The Trump administration is urging lawmakers to raise the debt ceiling by the end of July — much sooner than previously expected. And they are not going to be able to do it. You will see why in a second. But I had assumed that once the GOP was back in power in both Congress and the White House that the fights over the debt ceiling would disappear, much like how any meaningful executive oversight or concern about the deficit disappeared. And thus an increase to the debt ceiling would be passed without much fuss or furor.
But the White House’s own Budget Director, Mike Mulvaney, said when he was a Congressman that he would let the nation go into default rather than raising the debt ceiling. And now, he is already signaling that he will be make concessions to conservatives for spending cuts in exchange for the raise. He is signalling his desire to make concessions BEFORE any demands have been made by the Freedom Caucus.
The early signal from Cohn and Mulvaney that the White House will make concessions for votes in favor of a debt increase is likely to encourage House conservatives to dig in on their demands for steep reductions in spending, complicating the task of passing the measure through both chambers of Congress. The administration would have to win over more Democrats to counter any Republican defections.
The analogy I want to employ here is that the Freedom Caucus is the hostage taker. The hostage: America. There is a gun to America’s head. The Freedom Caucus is going to shoot the hostage unless it gets all the spending cuts it wants. The hostage negotiators in this instance (Mulvaney) not only agree with giving into the hostage taker’s demands but also agreed once that shooting hostages is good.
So you can see where this could all go wrong. The Freedom Caucus holds all the cards here. They will not relent until they get everything they want. And even then, there are some, like Mulvaney, that think it will be a good thing that we default.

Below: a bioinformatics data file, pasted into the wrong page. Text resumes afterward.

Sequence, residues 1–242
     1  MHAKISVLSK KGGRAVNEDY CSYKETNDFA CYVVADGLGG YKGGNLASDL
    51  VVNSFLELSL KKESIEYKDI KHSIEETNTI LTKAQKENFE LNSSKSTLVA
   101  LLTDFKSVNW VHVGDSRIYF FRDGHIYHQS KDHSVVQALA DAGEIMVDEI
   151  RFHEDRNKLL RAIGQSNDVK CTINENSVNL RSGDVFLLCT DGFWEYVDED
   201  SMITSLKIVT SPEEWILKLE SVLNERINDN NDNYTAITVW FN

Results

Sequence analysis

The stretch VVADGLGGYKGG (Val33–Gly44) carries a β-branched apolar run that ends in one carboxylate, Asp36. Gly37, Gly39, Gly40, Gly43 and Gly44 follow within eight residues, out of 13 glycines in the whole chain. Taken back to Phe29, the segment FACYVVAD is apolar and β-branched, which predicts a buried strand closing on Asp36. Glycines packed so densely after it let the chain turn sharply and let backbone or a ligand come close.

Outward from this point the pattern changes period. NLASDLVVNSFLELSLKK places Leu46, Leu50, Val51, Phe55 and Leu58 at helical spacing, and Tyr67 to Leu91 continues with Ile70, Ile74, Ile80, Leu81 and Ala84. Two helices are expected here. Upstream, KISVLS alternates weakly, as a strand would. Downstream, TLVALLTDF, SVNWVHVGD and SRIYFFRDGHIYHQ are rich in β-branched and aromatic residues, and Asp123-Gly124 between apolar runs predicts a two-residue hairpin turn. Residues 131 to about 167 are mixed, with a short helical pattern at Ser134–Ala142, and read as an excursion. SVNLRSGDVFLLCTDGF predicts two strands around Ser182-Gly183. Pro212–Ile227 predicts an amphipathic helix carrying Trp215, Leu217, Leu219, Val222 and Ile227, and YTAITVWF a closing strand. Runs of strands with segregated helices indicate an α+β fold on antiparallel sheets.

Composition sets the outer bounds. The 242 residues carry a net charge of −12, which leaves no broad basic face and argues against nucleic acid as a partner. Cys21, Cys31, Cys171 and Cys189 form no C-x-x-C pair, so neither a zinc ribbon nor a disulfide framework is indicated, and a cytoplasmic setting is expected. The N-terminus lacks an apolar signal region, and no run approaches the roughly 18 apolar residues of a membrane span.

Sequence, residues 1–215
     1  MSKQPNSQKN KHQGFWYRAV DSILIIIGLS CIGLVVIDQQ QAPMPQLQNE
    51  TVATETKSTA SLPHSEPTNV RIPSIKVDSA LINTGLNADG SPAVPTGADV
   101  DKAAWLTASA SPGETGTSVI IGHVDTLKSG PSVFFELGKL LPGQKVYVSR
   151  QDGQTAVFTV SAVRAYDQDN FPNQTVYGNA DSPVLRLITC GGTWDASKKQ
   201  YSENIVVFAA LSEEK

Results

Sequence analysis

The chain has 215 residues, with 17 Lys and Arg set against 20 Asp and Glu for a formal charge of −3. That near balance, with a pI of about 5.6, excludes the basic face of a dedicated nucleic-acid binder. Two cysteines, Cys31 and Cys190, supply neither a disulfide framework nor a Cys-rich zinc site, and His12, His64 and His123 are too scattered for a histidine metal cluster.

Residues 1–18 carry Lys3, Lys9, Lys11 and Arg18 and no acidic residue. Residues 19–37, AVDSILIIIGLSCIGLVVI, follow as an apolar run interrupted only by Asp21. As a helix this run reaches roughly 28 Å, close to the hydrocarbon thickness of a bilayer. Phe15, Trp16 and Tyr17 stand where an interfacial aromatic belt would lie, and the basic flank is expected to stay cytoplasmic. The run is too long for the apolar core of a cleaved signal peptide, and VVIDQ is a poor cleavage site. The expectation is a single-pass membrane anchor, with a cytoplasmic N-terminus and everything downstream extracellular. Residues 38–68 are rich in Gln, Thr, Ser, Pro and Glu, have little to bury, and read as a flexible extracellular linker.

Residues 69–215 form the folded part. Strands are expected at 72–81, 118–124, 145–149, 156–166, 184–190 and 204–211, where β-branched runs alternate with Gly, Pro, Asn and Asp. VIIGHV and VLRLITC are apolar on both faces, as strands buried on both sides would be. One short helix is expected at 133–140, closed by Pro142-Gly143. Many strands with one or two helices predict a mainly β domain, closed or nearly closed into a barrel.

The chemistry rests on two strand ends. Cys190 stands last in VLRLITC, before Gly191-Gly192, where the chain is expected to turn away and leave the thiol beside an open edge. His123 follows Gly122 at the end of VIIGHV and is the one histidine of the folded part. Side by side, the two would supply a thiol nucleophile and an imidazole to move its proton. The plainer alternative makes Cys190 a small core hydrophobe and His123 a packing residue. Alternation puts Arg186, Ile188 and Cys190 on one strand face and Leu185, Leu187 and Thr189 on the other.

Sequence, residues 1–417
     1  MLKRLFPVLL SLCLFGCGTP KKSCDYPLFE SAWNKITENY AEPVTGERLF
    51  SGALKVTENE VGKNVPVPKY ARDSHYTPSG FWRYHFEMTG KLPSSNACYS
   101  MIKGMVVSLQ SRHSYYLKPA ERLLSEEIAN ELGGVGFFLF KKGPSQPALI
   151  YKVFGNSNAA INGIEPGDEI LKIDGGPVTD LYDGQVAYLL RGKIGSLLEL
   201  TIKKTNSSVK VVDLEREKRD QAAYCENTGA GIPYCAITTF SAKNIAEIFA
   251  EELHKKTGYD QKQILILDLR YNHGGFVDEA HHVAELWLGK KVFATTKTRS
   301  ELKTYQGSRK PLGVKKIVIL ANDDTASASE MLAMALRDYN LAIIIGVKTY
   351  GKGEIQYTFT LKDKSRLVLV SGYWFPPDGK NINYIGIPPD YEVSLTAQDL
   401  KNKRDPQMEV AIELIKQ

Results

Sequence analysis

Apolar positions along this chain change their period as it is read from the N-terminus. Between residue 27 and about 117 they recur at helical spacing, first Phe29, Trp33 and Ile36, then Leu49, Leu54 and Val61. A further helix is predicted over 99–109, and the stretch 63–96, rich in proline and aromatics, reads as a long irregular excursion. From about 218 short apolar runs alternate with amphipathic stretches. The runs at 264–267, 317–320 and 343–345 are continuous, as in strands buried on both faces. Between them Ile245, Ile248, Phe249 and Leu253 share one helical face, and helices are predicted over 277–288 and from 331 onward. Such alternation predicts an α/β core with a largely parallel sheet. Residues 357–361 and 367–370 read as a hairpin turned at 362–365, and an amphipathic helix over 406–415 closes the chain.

Combine that set of parameters with the fact that this deadline is now a month away and no one is talking about it or preparing for it. According to CNBC, administration officials indicated “the deadline could potentially hit during recess or shortly after, leaving lawmakers with no time to pass a bill to raise it. The actual date of the deadline remains unclear and tends to be a moving target.” Politico says Congress was caught flat-footed and is not prepared to act:
The White House request raises the prospect of a bruising fight over the debt limit — not just between Republicans and Democrats but within both parties. The GOP is torn over whether to combine spending cuts with the debt ceiling lift, and Senate Democrats are already signaling they may push for their own concessions since their votes are going to be needed to avoid a devastating government default.
Democrats will not provide any votes for a increase unless we get what we want, such as an assurance that the administration will continue making Obamacare subsidy payments to insurance companies. We have learned well from our Republican colleagues. So the GOP cannot count on any votes from Dems. As we have seen with the AHCA, they can only barely pass a controversial bill on the second try. Here, there will be no second try. They have to get it right on the first try. And I am convinced it won’t happen.